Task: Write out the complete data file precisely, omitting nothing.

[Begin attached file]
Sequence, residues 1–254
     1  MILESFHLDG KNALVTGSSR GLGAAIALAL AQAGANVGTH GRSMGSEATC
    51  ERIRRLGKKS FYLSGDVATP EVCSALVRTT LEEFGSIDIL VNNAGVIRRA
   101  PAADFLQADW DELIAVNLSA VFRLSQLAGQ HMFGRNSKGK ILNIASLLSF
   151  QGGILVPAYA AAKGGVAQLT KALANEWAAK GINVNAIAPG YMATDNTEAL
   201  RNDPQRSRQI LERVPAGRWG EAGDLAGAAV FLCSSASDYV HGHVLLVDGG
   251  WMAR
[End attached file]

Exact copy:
Sequence, residues 1–254
     1  MILESFHLDG KNALVTGSSR GLGAAIALAL AQAGANVGTH GRSMGSEATC
    51  ERIRRLGKKS FYLSGDVATP EVCSALVRTT LEEFGSIDIL VNNAGVIRRA
   101  PAADFLQADW DELIAVNLSA VFRLSQLAGQ HMFGRNSKGK ILNIASLLSF
   151  QGGILVPAYA AAKGGVAQLT KALANEWAAK GINVNAIAPG YMATDNTEAL
   201  RNDPQRSRQI LERVPAGRWG EAGDLAGAAV FLCSSASDYV HGHVLLVDGG
   251  WMAR